A third consultation round is planned for August 2018 where in depth engagement will follow the presentation of initial findings of the technical review of flight path options. Details of the arrangements for the first phase of consultation will be available here shortly.

28 February 2018

Airservices introduced changes to arrival and departure routes at Hobart Airport on 14 September 2017. Following consideration of concerns raised by the community regarding changes to the arrival flight path to Runway 30, Airservices conducted a review to identify and assess possible safe and feasible alternatives flight paths.

The report of the review, Review Report Hobart Runway 30 STAR, November 2017, concluded that Airservices will implement the ‘Alternative 2’ flight path.

‘Alternative 2’, arrival path as shown in the review report, will become effective on 1 March 2018. This new flight path will provide an improved noise outcome for some areas that are currently affected by aircraft noise.

31 January 2018

Airservices introduced changes to arrival and departure flight paths at Hobart Airport on 14th September 2017. The changes were designed to organise aircraft departing from, or arriving into, Hobart Airport onto standard routes called Standard Instrument Departures (SIDs) and Standard Instrument Arrivals (STARs). Airservices committed to a further review of the Hobart SIDs and STARs. Access the Terms of Reference (below) for the review.

24 November 2017

Airservices has carefully considered the concerns raised in community feedback about the flight path changes implemented on 14 September 2017. A review identified a number of alternative flight paths. A report on why the changes were made, alternative flight paths considered, community feedback and Airservices decision are outlined in Review Report Hobart Runway 30 STAR.

22 November 2017

At today’s Community Aviation Consultative Group meeting at Hobart Airport, it was announced that following a review of changes made to flight paths at Hobart Airport, that Airservices intends to implement Alternative Flight Path 2 based on safety, air traffic management and community feedback. This implementation is planned to be completed in March 2018, due to the requirement to publish the procedure in aeronautical documentation and provide airlines with sufficient time to program flight management systems. A full report of the review will be made available on the Airservices website by the end of this week.

Airservices will now undertake a further review of the Hobart Standard Terminal Arrival Routes (STARs) and Standard Instrument Departure routes (SIDs) with terms of reference to be published by the end of January 2018. Airservices is committed to consulting with the community and other stakeholders throughout the review process. It is anticipated that the review will take approximately 12–18 months to complete.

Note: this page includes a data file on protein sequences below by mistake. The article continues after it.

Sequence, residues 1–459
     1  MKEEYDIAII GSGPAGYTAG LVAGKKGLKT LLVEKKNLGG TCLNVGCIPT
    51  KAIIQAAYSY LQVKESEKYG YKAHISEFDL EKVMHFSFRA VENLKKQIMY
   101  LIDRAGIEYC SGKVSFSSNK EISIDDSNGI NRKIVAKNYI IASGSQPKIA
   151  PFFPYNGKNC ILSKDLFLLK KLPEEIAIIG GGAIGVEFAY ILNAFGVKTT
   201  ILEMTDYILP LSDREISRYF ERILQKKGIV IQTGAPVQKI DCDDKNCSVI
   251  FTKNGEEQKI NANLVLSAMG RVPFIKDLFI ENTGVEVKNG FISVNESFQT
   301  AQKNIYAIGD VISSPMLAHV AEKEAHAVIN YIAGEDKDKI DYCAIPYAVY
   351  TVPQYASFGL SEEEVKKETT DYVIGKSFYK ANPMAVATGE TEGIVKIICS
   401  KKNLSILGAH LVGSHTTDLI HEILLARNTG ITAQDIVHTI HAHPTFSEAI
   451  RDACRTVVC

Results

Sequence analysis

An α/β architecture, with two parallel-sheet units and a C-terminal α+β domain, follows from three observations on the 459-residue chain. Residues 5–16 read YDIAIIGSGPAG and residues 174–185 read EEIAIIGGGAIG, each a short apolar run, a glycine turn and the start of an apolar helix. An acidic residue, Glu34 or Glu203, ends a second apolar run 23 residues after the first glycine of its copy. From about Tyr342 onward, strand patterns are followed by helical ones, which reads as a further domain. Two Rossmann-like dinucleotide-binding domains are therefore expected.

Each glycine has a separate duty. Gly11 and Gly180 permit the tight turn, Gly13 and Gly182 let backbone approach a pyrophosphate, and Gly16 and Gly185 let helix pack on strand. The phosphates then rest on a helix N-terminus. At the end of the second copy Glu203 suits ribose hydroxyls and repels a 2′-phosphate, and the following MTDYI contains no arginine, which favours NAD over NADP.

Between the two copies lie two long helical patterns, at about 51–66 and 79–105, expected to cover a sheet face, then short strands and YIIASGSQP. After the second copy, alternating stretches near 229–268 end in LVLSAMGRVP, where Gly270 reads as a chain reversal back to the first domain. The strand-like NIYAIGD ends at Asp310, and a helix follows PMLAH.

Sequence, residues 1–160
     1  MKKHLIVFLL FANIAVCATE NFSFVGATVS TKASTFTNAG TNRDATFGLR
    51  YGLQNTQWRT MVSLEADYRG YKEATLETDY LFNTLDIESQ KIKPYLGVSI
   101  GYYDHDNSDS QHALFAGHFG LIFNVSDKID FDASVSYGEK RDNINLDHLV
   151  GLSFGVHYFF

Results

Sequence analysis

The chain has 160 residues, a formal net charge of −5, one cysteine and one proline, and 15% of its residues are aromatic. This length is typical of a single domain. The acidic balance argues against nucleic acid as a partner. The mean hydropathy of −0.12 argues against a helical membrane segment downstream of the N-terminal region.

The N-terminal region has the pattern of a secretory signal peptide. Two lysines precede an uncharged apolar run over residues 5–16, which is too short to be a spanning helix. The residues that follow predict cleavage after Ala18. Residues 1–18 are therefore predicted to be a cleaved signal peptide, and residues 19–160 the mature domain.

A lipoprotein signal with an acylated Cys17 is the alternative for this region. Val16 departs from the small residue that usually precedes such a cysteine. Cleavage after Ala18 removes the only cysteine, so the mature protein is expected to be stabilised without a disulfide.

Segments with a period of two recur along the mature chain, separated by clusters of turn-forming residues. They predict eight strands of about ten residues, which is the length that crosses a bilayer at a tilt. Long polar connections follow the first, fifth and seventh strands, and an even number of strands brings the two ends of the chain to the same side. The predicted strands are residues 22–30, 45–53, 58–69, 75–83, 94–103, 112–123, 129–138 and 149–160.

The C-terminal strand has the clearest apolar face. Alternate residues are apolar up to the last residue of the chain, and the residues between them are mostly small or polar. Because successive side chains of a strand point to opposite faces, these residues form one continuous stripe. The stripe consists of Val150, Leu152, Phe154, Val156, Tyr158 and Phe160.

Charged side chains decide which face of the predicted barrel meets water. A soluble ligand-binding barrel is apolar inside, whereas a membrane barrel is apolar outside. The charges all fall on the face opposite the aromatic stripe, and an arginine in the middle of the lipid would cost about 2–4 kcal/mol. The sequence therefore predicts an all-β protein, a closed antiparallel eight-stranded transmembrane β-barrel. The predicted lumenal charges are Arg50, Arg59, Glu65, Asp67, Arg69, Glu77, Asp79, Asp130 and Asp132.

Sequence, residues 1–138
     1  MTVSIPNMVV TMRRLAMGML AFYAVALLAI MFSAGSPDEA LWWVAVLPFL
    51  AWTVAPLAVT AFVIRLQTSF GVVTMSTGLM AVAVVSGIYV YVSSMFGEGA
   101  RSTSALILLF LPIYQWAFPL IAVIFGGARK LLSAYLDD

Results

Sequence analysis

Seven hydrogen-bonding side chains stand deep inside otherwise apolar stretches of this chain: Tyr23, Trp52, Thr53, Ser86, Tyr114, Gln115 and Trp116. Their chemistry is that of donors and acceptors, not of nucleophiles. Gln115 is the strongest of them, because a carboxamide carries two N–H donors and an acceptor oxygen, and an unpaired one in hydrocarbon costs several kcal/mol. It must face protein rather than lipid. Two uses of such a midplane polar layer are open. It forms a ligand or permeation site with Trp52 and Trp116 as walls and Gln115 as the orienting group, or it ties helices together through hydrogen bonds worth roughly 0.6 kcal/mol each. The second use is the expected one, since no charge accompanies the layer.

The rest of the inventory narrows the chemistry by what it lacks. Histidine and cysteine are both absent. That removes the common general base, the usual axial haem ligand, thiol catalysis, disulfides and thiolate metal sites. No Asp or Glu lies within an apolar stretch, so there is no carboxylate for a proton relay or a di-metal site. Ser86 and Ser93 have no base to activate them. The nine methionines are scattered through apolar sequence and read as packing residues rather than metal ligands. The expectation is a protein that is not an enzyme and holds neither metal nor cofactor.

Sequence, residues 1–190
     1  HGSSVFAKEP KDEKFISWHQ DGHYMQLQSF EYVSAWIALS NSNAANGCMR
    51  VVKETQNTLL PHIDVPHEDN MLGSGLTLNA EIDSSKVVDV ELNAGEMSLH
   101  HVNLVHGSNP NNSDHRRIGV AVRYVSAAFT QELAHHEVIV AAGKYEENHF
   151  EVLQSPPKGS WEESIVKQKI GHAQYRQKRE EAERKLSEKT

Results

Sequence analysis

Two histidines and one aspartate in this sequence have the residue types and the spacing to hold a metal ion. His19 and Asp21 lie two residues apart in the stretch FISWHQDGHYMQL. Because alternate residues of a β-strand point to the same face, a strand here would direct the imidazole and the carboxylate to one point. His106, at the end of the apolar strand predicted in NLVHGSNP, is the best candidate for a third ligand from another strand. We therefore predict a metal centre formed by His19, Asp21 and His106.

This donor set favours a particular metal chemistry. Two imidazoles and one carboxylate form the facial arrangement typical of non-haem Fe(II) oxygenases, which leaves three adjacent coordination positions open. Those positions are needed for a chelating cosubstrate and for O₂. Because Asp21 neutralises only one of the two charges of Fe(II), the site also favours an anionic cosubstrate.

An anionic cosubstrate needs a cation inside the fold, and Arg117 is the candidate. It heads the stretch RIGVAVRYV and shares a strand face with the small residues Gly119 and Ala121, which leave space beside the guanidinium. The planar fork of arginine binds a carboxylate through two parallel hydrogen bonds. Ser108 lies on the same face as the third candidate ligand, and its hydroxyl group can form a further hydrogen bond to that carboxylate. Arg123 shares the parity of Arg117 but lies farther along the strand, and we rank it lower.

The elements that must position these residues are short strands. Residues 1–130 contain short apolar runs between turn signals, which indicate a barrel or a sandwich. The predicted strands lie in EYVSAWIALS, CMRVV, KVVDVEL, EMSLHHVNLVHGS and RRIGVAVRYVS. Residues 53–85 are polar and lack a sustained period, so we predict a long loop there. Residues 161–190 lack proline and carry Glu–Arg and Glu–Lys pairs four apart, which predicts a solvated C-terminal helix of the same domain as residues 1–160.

10 November 2017

Information about:

  • the alternative flight paths identified as part of the review
  • the review process, and
  • how to provide feedback on the alternatives that have been identified

is now available on our Review of arrival flight path to Hobart Airport page.

8 November 2017

Extended hours for consultation drop-in session

In response to requests we are extending the hours of the community consultation drop-in session on 11 November 2017 at Dunalley House, 172 Arthur Highway, Dunalley.

The session will now run from 11.15am until 3pm. You are welcome to attend at any time between these hours.

On arrival small groups of up to 10 people at a time will be given an introduction of around 15 minutes by Manager Southern Operations, Steve Clarke. These introductions will run consecutively throughout the session.

After the introduction three specialists will be on hand to discuss issues and answer questions in more depth with individuals and small groups.

As the venue size is limited, it would be greatly appreciated if you would register your intention to attend and include an indication of what time you may arrive. We will use this information to limit any waiting times as far as possible. Please register by calling the NCIS on 1800 802 584 or by using our online form.

3 November 2017

As part of our review of the arrival flight path over Kellevie, Copping, Dunalley and Boomer Bay, Airservices is seeking feedback from the community on safe and feasible flight path alternatives that may reduce the impact of aircraft noise over these areas.

A community consultation drop-in session will be held on 11 November 2017 at Dunalley House, 172 Arthur Highway Dunalley between 11.15am and 3pm and you are welcome to attend at any time between these hours.

If you are available to attend, we encourage you to register by calling the NCIS on 1800 802 584 or by indicating your intention to attend using our online form.

20 October 2017

Airservices have carefully considered the concerns raised in community feedback about the flight path changes implemented on 14 September 2017. A review has commenced to assess and identify possible safe and feasible alternatives that would reduce aircraft noise impact on residents. In assessing possible options, safety will be our highest priority while seeking every opportunity to minimise and where possible reduce the impact of aircraft noise. The review will take several weeks and we will provide updates here regarding expected timelines.

Feedback can continue to be submitted to the Noise Complaints and Information Service.

19 October 2017

When designing these new flight paths, Airservices conducted an environmental assessment in accordance with Commonwealth regulatory requirements and Airservices environmental standards and procedures. The report Environmental Assessment of Hobart Airport – Proposed SIDs & STARS June 2017 is available below.